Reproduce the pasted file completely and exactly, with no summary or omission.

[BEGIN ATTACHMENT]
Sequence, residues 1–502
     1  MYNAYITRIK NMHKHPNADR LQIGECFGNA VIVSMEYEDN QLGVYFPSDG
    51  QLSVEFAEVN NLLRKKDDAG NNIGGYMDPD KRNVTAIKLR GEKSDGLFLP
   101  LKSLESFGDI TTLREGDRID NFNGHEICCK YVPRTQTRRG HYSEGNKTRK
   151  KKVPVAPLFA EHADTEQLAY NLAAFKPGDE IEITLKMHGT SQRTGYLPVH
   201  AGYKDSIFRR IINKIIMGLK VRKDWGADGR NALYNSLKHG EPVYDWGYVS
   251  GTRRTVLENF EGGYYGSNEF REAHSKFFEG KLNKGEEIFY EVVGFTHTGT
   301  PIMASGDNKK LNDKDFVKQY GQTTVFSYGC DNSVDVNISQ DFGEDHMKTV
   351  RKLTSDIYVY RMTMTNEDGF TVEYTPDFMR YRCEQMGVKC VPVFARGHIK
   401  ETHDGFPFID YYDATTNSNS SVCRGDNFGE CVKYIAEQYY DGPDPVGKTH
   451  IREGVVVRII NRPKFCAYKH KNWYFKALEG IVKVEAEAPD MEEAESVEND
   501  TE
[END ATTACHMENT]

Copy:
Sequence, residues 1–502
     1  MYNAYITRIK NMHKHPNADR LQIGECFGNA VIVSMEYEDN QLGVYFPSDG
    51  QLSVEFAEVN NLLRKKDDAG NNIGGYMDPD KRNVTAIKLR GEKSDGLFLP
   101  LKSLESFGDI TTLREGDRID NFNGHEICCK YVPRTQTRRG HYSEGNKTRK
   151  KKVPVAPLFA EHADTEQLAY NLAAFKPGDE IEITLKMHGT SQRTGYLPVH
   201  AGYKDSIFRR IINKIIMGLK VRKDWGADGR NALYNSLKHG EPVYDWGYVS
   251  GTRRTVLENF EGGYYGSNEF REAHSKFFEG KLNKGEEIFY EVVGFTHTGT
   301  PIMASGDNKK LNDKDFVKQY GQTTVFSYGC DNSVDVNISQ DFGEDHMKTV
   351  RKLTSDIYVY RMTMTNEDGF TVEYTPDFMR YRCEQMGVKC VPVFARGHIK
   401  ETHDGFPFID YYDATTNSNS SVCRGDNFGE CVKYIAEQYY DGPDPVGKTH
   451  IREGVVVRII NRPKFCAYKH KNWYFKALEG IVKVEAEAPD MEEAESVEND
   501  TE